Montana State University


University of Wisconsin

Genomic diversity detected by transposable element probes is correlated with heterosis --L. E. Talbert, W. F. Tracy and J. Gerdes Although the transposable elements Mu, Spm, and Ac are detectably active only in certain maize stocks, multiple sequences hybridize to probes for the elements in all stocks. Sequences that hybridize to Spm and Ac tend to be deletion derivatives of the intact elements (Doring and Starlinger, Annu. Rev. Genet. 20:175-200, 1986). There is no evidence for activity of the Mu hybridizing sequences. In fact, a Mu4 element was shown to be in the same genomic location in diverse Zea taxa, suggesting an ancient and stable insertion (Talbert et al., J. Mol. Evol. 29:28-39, 1989).

Approximately 20-40 separate hybridizing bands may be visualized in all maize lines on Southern blots using probes for Mu, Ac, and Spm. Assuming that these hybridizing sequences are not actively transposing, this suggest that a single Southern hybridization with a transposable element probe may be used to monitor genomic variation at several genomic segments. Heterosis in maize is correlated with genomic diversity of parents. Thus, we were interested to determine whether genomic diversity of parents as measured by transposable element probes is correlated with heterosis of F1 progeny.

Initial experiments suggested that genomic diversity as monitored by transposable element probes may be too great among unrelated maize lines to make meaningful comparisons regarding relative diversity. Thus, we monitored seven sublines of the maize inbred line P39 for transposable element variation. A difference among parents was measured as the presence of a hybridizing band in one subline not found in the other line. A total of 56 hybridizing bands were observed on EcoRI/HindIII-digested DNA from the seven sublines using Mu, Ac, and Spm. Differences among the 21 possible pairwise comparisons ranged from 0-16, with an average number of differences of 7.6 between sublines.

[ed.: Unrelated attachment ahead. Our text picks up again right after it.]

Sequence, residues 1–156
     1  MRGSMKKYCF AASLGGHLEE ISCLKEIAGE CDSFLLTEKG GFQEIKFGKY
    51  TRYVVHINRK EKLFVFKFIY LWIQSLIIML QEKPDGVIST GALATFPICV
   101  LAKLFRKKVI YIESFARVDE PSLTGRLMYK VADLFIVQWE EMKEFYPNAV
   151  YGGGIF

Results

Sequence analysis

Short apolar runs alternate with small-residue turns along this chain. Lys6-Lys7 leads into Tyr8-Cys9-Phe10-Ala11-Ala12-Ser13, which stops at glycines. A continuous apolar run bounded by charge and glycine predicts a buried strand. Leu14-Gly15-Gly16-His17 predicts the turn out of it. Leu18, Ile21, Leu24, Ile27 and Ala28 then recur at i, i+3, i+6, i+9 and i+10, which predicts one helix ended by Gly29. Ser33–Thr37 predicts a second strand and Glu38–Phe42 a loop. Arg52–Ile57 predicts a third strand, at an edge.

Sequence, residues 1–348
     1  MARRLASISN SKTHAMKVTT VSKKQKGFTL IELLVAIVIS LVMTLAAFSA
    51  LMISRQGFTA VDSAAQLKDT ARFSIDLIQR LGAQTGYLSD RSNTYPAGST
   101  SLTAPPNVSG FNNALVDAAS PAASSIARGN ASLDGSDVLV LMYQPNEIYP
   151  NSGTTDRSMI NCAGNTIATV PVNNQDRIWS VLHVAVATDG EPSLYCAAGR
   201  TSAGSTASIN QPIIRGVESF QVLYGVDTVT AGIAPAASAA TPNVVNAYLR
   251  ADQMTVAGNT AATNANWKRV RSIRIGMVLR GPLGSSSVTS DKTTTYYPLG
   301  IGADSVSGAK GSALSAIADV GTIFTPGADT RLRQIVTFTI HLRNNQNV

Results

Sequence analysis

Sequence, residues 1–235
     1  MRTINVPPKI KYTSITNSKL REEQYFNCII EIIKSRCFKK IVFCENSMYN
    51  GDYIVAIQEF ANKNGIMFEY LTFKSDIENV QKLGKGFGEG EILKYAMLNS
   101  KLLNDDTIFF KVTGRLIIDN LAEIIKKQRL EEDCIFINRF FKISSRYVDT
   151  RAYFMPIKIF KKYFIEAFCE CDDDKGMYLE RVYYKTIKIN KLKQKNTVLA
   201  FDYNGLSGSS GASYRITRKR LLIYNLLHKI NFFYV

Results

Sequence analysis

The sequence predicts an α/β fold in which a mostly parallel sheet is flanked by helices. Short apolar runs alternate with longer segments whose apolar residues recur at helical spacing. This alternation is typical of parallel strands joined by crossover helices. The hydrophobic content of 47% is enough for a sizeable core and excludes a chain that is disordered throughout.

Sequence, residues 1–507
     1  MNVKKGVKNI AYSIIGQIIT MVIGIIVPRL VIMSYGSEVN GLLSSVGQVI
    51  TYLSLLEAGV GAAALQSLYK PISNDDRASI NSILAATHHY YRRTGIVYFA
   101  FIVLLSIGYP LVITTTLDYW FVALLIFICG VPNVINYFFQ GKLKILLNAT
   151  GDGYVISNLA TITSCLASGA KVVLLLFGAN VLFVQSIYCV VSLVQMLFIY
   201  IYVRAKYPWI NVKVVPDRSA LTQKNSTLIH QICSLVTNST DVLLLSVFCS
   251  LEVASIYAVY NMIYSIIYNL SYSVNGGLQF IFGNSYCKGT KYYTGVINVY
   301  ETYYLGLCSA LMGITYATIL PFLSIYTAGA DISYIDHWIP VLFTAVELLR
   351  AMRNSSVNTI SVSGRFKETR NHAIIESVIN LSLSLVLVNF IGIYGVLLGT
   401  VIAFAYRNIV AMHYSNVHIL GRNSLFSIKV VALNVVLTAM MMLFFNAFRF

The seven sublines were crossed in a diallel fashion to provide 21 F1 hybrids. These were yield tested in Wisconsin in 1988. Parental diversity of parents as measured by the three transposable element probes was positively correlated with ten-ear weight (Table 1). Thus, parents that showed the greatest genomic diversity tended to produce the highest yielding F1 progeny. These results suggest that probes for the maize transposable elements may be efficient tools for monitoring useful genetic variation among closely related maize lines.

Table 1. Correlation between transposable element differences among parents and yield of F1 progeny for seven P39 sublines. Yield was measured as dry weight of ears from ten plants per plot in ten reps in Wisconsin in 1988.

Previous work has shown that probes for Mu and Spm clearly delineate the Zea and Tripsacum genomes, as hybridizing sequences were observed in Zea but not Tripsacum. This fact has been used to determine that T. andersonii is a natural hybrid between Tripsacum and Zea (Talbert and Doebley, MNL 63:45, 1989; Talbert et al., Amer. J. Bot., 1990, in press). Thus, transposable elements are not only interesting in their own right, but may also be exploited to assess relatedness for either taxonomic or plant breeding purposes.

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